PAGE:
Commander Shepard is coming back with our favourite series on the Citadel.
One of the greatest gaming trilogies of all time is coming back soon, and it seems BioWare and EA are giving it the respect it deserves. Based on everything that we’ve seen so far, it’s looking like Mass Effect: Legendary Edition is going to remaster and improve the already amazing original trilogy in notable ways (especially the first game). We’ve spoken about plenty of those improvements at length over the last few weeks, but with many new details having recently emerged, ahead of the remastered trilogy’s launch, here, we’re going to talk about a few more key details you should know about.
Combat in Mass Effect 1 was quite clunky even when the game launched, but now, it feels horribly aged. While Mass Effect 2 and 3 were straight up cover shooters as far as combat was concerned, the first game relied on traditional RPG mechanics, leading to randomness and that aforementioned feeling of clunkyness. Though Legendary Edition isn’t going to turn its RPG combat into shooter combat, it will be tweaking some things to make it feel snappier. The most crucial of these tweaks has been made to reticle bloom and weapon sway across every weapon in ME1, which will make weapons feel much more accurate. Meanwhile, aiming down sights will also be much more accurate and will have a more zoomed in perspective, bringing it closer to ADS in Mass Effect 2 and 3.
Abilities are just as important as traditional firepower in Mass Effect, and those have been rebalanced as well in Legendary Edition, especially in the first game. According to BioWare, multiple abilities have been tweaked, and the one notable example we have of that so far is for the Immunity ability. While in the original game it would give you a slight defensive buff that would last indefinitely, now, it will give you a much larger buff, but it will only last for a brief period of time.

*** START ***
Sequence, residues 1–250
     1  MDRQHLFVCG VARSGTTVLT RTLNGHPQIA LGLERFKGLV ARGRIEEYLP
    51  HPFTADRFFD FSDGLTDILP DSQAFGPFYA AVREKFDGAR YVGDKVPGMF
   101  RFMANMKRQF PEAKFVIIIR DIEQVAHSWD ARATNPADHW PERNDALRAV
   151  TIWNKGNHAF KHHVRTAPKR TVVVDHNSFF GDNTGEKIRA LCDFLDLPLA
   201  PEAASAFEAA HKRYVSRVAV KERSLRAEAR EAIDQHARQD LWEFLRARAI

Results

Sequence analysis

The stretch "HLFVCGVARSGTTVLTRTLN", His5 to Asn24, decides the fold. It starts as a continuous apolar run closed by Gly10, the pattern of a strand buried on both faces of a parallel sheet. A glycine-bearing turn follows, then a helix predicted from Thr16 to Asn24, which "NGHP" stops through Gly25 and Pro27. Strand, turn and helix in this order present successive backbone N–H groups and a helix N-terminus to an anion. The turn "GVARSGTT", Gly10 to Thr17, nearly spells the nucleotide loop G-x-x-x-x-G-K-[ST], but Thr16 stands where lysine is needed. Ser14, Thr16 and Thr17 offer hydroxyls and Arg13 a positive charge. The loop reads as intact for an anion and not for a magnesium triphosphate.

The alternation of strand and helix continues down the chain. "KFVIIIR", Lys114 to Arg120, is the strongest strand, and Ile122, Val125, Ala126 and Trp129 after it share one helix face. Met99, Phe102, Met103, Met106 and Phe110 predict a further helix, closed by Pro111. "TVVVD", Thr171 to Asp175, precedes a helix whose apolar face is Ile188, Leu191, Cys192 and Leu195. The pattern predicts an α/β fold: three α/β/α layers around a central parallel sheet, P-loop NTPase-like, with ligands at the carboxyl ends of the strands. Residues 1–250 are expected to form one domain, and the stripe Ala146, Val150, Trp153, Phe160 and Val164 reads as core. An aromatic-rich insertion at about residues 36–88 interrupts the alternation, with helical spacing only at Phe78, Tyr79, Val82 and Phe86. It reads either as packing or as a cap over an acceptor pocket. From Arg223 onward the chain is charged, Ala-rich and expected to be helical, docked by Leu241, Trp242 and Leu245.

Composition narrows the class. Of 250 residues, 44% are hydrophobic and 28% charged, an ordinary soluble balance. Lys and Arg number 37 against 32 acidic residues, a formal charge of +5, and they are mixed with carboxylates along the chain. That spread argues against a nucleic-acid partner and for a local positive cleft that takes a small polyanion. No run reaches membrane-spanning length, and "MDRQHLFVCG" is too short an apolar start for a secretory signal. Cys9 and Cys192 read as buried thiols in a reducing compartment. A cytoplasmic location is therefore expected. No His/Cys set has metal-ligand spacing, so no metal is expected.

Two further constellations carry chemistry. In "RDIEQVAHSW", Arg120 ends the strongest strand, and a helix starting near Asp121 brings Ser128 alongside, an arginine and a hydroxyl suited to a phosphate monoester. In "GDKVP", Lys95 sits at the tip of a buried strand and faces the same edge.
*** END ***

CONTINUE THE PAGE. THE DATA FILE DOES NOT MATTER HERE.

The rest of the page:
Another aspect of combat that has seen some tweaking and rebalancing is the cover mechanics- which makes sense, given how crucial those are in Mass Effect’s combat. Across the entire trilogy, entering and exiting cover is now going to be more responsive and reliable. Though BioWare haven’t specified this, we’re assuming (or hoping, at least) that Mass Effect 1 in particular will have seen notable improvements in this area, since taking cover wasn’t always as snappy in the original game as it was in its sequel.
Plenty of other smaller yet significant changes have also been made to make combat a much more balanced experience in Mass Effect 1. This includes being able to sprint out of combat, enemies now taking headshot damage when applicable, better balancing for medi-gel usage, melee attacks having their own dedicated button like in ME2 and 3, increased drop rate for ammo in Mass Effect 2, and more. Notably, all classes can now also use any weapon in the game without penalties- though specializations will still be class-specific.
MORE QOL UPGRADES